CEOs beg for change

Chief concerns for Australian CEOs in the medium term is managing structural change and identifying strategic partnerships, according to an IBM survey.

Figures from IBM's 2006 global CEO study show that almost 60 percent of Australia and New Zealand's top CEOs believe competitive and market pressures will drive radical change within their companies over the next two years.

The study, which examines where CEOs focus innovative effort, is based on responses from 750 CEOs of major global organizations across 20 industries, with 60 respondents from Australia and New Zealand.

In improving growth over the next two years, most CEOs (41 percent) will focus on innovating products and services, followed by improving operations (32 percent) while a surprisingly high number (27 percent) cited changing their business model to extract growth.

IBM global business services Australia managing partner, Ian Ball, said collaboration, which refers to a non-contractual agreement between a company and a supplier, customer or competitor, is more widely used by the region's CEOs than elsewhere to reduce risk and increase efficiency and flexibility.

"CEOs in Australia and New Zealand use collaboration as a strategy to respond to the constraints of a small and highly competitive market as it offers speed and strategic flexibility and can reduce the risk and capital investment required for innovation," he said.

Australian CEOs further supported collaboration by identifying business partners (50 percent) as the top source of ideas with employee and customer input valued less (31 percent). This contrasted with global responses, which cited employees (41 percent) as the most relied-on contributors.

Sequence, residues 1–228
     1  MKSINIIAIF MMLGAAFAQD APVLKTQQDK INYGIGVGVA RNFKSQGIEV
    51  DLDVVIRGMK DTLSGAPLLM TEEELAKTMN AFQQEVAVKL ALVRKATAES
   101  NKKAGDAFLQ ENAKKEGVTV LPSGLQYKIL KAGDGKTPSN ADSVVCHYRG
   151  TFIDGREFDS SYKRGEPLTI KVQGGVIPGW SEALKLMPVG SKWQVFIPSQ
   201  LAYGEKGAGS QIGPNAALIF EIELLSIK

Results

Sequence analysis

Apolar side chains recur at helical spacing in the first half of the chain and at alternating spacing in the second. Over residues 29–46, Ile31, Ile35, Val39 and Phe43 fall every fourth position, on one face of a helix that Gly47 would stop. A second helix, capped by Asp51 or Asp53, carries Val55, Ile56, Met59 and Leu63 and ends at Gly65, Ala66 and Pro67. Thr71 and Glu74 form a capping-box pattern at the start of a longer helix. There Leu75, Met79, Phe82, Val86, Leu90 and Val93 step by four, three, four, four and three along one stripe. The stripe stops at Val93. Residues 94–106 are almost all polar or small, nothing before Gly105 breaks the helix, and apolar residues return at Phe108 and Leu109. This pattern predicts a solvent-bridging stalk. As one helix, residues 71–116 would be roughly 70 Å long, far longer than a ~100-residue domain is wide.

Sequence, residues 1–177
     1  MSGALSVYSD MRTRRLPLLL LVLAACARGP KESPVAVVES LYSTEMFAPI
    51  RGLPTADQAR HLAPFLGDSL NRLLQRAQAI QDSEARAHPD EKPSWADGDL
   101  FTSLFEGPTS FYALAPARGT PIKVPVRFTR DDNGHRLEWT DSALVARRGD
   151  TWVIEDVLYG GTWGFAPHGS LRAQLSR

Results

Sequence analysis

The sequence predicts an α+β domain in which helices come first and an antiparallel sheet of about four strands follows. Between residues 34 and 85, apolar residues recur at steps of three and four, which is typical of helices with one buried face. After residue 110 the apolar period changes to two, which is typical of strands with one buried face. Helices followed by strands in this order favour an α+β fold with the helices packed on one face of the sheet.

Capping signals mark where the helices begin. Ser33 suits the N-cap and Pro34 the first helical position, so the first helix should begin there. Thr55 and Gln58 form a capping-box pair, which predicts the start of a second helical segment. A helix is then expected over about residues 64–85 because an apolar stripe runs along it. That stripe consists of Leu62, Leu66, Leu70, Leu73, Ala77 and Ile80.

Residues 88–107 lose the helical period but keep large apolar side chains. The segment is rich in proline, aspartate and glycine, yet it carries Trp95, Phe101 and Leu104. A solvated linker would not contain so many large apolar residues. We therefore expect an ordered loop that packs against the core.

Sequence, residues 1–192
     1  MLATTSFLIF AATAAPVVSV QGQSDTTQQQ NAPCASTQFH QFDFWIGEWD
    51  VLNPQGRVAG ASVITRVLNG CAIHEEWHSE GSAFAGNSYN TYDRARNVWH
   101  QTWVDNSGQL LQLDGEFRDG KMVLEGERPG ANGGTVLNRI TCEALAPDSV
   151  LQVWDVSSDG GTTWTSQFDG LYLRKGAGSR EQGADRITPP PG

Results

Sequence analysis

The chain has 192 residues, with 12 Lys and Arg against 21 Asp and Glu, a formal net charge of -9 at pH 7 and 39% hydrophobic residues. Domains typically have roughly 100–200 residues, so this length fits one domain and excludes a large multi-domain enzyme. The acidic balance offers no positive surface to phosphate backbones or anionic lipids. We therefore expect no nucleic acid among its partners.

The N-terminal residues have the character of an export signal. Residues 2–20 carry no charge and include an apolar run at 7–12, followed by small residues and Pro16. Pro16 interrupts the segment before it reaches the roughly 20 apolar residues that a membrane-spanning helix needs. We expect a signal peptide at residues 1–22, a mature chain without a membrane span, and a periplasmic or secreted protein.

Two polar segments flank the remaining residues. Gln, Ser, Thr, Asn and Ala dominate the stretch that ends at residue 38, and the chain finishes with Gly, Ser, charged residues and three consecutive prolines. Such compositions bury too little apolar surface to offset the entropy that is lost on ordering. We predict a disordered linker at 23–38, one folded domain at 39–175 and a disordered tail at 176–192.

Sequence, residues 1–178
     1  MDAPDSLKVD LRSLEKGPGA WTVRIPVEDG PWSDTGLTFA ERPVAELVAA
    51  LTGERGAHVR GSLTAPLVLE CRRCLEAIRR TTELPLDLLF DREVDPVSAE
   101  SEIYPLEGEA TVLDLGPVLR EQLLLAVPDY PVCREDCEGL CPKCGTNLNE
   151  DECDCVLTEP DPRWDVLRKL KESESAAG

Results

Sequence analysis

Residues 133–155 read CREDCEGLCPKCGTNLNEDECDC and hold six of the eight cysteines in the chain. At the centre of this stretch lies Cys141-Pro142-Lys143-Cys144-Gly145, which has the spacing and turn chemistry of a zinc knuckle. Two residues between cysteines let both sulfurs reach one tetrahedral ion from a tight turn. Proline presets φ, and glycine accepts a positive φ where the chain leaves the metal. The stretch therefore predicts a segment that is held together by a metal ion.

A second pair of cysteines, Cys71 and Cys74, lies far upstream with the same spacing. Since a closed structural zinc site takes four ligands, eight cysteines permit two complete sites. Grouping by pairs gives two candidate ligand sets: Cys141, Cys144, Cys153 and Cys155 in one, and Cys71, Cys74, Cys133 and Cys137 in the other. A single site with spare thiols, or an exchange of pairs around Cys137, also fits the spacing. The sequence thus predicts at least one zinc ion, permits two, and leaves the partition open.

"Innovation is no longer just about products, or even about increasing the effectiveness and efficiency of core processes and functions; it's also about innovating through business models and competing in new ways. Innovation in business models and operations won't just create opportunities for cost savings, but also for additional revenue generation," Ball said.

Where innovation stalled, the report shows CEOs blamed internal inhibitors such as employee distaste for change rather than external reasons, yet only 35 percent were willing to make it their responsibility.

"The challenge CEOs face is to manage the balance between short-term business goals and long-term innovation strategies, combined with people issues of change fatigue and cynicism of the change process," Ball said.

The study follows IBM's 2004 global CEO study, which revealed CEOs had turned their agenda from cost-cutting to driving growth.

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